By Michelle Boorstein
A pro-choice White House is already providing new challenges for Washington-area Catholic leaders.
First, Washington Archbishop Donald Wuerl was asked to comment on the University of Notre Dame’s recent controversial decision to give the president an honorary degree. Earlier this week, some Catholics alerted the archdiocese that Vice President Joe Biden was given an award by a pro-choice organization at another Catholic school — Georgetown University.
On Wednesday, Biden was given an award by Legal Momentum, which was founded as NOW’s legal defense group and is a non-profit focused on advancing the rights and education of women and girls – including reproductive freedom. The award was part of an all-day event marking the 15th anniversary of the Violence Against Women Act, which Biden wrote. The day was co-sponsored by Legal Momentum and Georgetown University Law Center’s Journal of Gender and the Law.
Wuerl wrote to the school, said archdiocese spokeswoman Susan Gibbs, “expressing concern that it happened and noting the confusion that happens by having an event by entities that are at odds with Catholic teaching.” It wasn’t clear if Wuerl would have been satisfied if Georgetown had addressed the issue publicly beforehand.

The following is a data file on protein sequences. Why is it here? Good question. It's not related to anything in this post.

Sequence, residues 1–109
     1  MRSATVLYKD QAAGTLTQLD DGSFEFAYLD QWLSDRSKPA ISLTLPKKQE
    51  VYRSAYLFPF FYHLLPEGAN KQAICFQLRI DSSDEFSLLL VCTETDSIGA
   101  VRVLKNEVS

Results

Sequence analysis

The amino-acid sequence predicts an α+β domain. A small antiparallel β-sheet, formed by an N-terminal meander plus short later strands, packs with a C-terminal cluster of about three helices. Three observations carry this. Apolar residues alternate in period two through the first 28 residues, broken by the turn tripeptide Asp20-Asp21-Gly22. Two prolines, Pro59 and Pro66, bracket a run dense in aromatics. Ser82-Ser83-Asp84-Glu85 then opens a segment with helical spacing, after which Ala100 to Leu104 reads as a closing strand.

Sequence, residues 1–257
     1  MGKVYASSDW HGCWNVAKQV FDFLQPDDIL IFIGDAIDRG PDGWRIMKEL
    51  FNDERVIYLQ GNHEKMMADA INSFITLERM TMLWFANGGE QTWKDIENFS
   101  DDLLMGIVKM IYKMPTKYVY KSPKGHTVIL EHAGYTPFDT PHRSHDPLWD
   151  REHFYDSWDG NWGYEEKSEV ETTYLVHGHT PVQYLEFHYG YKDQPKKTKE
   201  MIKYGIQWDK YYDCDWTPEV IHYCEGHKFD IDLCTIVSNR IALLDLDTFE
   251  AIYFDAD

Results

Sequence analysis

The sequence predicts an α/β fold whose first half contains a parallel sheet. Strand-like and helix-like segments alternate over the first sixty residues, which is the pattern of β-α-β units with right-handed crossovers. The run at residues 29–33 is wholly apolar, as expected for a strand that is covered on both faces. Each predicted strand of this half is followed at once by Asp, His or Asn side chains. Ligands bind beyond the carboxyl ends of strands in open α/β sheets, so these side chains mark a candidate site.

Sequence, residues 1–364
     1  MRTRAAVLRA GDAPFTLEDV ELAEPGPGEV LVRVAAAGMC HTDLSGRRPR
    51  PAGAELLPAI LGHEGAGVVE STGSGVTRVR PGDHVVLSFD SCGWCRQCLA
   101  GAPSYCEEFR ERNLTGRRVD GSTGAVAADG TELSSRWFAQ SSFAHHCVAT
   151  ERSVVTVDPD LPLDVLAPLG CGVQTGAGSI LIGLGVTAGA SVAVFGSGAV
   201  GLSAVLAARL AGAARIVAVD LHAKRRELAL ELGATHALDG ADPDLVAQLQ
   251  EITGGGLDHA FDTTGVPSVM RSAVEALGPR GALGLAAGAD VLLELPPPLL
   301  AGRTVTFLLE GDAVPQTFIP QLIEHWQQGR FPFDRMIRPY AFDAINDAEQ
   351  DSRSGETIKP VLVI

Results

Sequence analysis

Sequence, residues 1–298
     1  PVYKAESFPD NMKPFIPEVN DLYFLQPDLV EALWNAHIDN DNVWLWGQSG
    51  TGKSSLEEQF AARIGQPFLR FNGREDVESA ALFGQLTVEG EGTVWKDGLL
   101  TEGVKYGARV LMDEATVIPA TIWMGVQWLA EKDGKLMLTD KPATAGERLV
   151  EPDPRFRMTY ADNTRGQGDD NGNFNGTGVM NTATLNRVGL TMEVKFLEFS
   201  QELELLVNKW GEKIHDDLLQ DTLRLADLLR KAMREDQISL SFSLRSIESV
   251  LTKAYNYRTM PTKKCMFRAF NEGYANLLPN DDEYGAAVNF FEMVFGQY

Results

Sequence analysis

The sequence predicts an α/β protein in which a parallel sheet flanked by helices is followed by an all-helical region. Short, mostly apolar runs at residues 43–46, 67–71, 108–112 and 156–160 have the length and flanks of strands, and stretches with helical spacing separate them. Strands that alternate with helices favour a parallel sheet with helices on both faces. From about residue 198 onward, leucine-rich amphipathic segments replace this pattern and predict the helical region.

Gibbs noted that the circumstances were very different than those at Notre Dame, where it is the school itself that is honoring Obama. In Biden’s case, Georgetown was merely acting as the host. Even so, Wuerl has been known to have moderate responses to these controversies. When asked about the Notre Dame event, which has spurred a small but intense movement of angry Catholics, Wuerl said the school should not have honored Obama but that he was not in favor of rescinding the invite.
Georgetown Law Center issued a statement last night saying the school “is proud of its Catholic and Jesuit identity and its core values of respect for and service to others. As part of its educational mission, the Law Center routinely organizes and hosts conferences about critical legal and policy issues providing for a free exchange of ideas and perspectives. While students and faculty may invite speakers and host events, the views of the speakers are not endorsed by nor do they necessarily reflect the views of Georgetown.”